it.) As JRRT's friend, Lewis, noted, the key is how a work is read- and
re-read. The gimmick of having invented the contemporary fantasy world
(nor the impact of some dramatic but rather poorly done movie versions)
will probably not help him stay that high. But will it keep him from
being completely forgotten?

WS has lasted through the centuries because there remain plenty of us
who simply love reading and watching and talking about and teaching his
work. There won't be any such for those others, I expect, except maybe
Tolkien.

Cheers,
don

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All in the Family

The Shakespeare Conference: SHK 16.1202  Friday, 15 July 2005

From:           Jack Heller <This email address is being protected from spambots. You need JavaScript enabled to view it.>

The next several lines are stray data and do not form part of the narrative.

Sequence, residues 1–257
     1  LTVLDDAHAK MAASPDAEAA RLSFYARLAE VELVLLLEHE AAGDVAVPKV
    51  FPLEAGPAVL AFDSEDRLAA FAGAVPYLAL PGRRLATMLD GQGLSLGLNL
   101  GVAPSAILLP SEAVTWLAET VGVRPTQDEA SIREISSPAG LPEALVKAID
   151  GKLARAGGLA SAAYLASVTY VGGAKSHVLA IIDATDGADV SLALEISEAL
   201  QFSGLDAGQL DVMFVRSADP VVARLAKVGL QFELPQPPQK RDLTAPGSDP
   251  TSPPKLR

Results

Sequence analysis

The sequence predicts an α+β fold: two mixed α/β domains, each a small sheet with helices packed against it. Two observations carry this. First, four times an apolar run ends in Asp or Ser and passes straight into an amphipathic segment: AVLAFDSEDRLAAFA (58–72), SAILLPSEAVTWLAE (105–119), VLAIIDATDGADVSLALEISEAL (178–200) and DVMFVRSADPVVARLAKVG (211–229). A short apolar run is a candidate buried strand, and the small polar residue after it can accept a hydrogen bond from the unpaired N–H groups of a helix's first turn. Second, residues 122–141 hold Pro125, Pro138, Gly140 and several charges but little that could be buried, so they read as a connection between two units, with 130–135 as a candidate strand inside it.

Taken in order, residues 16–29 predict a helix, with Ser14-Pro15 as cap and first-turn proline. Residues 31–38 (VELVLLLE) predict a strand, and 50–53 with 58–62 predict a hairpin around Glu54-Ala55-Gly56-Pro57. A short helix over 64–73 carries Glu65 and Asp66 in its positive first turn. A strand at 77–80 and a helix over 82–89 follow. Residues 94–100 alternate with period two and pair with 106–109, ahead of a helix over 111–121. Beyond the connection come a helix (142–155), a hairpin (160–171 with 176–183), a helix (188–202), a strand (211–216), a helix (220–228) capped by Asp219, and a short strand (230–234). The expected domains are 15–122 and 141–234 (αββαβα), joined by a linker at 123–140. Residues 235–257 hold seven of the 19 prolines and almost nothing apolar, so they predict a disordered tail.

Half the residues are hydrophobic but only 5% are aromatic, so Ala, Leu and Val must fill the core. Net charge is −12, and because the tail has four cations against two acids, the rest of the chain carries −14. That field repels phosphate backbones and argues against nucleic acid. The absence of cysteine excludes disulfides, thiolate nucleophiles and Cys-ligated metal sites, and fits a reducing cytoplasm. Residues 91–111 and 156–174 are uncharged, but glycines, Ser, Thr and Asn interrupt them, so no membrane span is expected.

Date:           Tuesday, 12 Jul 2005 13:47:38 -0500 (EST)
Subject:        All in the Family

A current production of Othello at the Tulane Shakespeare Festival has a
married biracial couple in the lead roles. It has gotten good reviews. I
recall Sam Waterston and his daughter playing Leonato and Hero in Much
Ado. I wonder about other casts that include actual family members in
roles of similar relationships.

Jack Heller

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Help with the Sonnets

The Shakespeare Conference: SHK 16.1200  Tuesday, 12 July 2005

[1]     From:   David Basch <This email address is being protected from spambots. You need JavaScript enabled to view it.>
        Date:   Monday, 11 Jul 2005 10:59:26 -0400
        Subj:   Re: SHK 16.1191 Help with the Sonnets